OPINION: Will mental health be the next pandemic? - Sophei Mei Lan
While we get ready to embark on another journey into the unknown, my main wish is for mental health care to be more accessible, available and to have more funding for a holistic approach to health.
It’s great to see so much more conversation around mental health and wellbeing and actually talking issues rather than merely avoiding, although I think we have all had to try and escape some of the pressures of 2020.
But at some point, we will have to tackle the impact on the country’s mental health and our own situations, and sooner rather than later.
As psychologist Dr Marianne Trent told me: “I often hear people talking about doing things to ‘distract’ them from their struggles. However, what I help people to do is quite the opposite – I help them learn to be able to tolerate their distress rather than turn away from it.
“It’s so important in order to begin to overcome mental health difficulties and to increase self-compassion.”
Yet, mental health is still a Cinderella service and we cannot wait for a fairy to wave her magic wand for a transformation, as we need holistic health help more than ever.
After years of my own mental health care being subject to funding restrictions and a postcode lottery, I know how damaging it is physically and mentally when you finally seek the help you need and it isn’t there.
As I work my way through my studies on mental health, most of the triggers or causes for a variety of mental health problems which I am listing have been prevalent this year, from unemployment to bereavement to domestic violence, changing circumstances and physically ill health.
I have always said our mental health should be treated as integral to our health and wellbeing but actually now we need it to be of paramount importance, with 4.2 million people across the UK now regularly feeling isolated and alone as a result of the pandemic.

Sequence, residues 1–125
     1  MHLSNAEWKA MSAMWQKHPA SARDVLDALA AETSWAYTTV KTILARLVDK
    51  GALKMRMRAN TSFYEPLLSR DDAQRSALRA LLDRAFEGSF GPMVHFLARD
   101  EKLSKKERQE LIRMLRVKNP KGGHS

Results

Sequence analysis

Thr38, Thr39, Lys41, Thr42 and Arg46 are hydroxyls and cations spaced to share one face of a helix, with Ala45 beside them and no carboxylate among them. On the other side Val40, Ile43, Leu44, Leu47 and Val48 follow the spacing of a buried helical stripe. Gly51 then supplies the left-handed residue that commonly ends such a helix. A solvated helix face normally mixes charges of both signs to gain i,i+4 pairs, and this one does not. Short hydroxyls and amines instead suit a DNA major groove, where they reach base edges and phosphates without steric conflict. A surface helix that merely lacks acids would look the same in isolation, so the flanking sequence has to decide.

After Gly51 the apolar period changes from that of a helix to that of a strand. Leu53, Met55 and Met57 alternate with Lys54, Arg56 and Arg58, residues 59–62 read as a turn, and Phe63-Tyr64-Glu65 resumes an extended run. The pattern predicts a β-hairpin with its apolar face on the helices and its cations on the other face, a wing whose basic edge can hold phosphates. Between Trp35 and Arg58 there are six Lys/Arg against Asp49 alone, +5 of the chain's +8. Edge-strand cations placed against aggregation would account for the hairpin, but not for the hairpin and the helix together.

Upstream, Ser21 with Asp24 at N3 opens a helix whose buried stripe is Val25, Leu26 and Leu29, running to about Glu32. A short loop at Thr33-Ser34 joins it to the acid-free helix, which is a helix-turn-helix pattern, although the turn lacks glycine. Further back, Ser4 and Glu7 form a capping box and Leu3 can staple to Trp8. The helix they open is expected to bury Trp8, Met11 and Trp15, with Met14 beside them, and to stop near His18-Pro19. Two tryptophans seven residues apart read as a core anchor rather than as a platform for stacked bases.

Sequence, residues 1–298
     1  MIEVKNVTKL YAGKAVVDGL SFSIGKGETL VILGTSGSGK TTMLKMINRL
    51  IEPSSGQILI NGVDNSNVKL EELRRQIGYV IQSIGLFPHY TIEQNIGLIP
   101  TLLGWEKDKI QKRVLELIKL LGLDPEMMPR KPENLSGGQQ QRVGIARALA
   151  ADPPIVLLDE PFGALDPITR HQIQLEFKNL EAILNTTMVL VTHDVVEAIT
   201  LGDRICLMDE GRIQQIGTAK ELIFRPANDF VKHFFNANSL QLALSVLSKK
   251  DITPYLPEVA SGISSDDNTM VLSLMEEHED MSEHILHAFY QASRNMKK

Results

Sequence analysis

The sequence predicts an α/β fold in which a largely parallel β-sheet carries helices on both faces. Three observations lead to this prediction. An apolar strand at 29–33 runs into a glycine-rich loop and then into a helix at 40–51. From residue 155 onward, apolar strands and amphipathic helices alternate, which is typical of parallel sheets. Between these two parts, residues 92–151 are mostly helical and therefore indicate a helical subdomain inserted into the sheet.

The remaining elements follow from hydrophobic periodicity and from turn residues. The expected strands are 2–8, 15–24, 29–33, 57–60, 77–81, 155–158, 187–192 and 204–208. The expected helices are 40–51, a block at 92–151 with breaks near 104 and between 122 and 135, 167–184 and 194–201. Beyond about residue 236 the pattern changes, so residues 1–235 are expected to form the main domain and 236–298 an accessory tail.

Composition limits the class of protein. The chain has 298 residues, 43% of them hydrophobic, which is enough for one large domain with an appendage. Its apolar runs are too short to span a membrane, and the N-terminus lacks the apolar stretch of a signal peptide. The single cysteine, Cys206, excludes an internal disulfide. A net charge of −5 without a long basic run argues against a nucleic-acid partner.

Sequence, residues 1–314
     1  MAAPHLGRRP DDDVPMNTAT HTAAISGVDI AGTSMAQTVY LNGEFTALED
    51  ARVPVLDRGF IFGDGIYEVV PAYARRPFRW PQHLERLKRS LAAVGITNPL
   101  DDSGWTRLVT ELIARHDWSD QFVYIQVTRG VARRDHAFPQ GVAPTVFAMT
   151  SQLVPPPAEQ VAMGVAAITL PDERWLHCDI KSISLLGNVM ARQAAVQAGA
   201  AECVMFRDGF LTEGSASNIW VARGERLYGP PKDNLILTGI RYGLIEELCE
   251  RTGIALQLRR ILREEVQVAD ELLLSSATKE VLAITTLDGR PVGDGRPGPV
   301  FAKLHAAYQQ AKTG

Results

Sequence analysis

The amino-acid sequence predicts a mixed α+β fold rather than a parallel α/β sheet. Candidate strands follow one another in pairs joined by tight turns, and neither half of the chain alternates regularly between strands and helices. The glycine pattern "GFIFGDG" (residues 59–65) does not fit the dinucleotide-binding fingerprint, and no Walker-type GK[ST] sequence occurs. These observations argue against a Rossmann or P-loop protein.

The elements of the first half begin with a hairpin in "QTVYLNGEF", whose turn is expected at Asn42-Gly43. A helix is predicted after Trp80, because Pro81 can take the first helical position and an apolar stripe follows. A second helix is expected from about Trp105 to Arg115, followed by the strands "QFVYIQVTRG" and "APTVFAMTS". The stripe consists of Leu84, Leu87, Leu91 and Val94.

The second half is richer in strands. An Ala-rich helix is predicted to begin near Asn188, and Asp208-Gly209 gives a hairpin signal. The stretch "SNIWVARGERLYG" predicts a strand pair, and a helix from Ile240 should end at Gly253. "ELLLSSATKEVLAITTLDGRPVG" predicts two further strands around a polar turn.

Alcoholism is up, eating disorders on the rise and even those without prior mental health problems have reported feeling more stress, anxiety and low mood.
That’s not to mention the impact of long Covid as a chronic illness with reports of neurological implications.
And each individual situation is further amplified by the ongoing restrictions and ‘normal’ life challenges that 2020 has thrown at us.
I am beyond grateful for the incredible volunteers, care workers, NHS staff, good samaritans and wellbeing professionals who have injected as much as they can into our survival as a country, but now we need more funding and support as we cannot get away with merely applauding them through another year.
We have a new pandemic on the horizon which is already brewing up... a country riddled by mental health problems.
There is no fairy tale ending to this situation but I do have faith that we can learn from our past mistakes and, as we enter a new year, we really can pull together to support every individual in our community.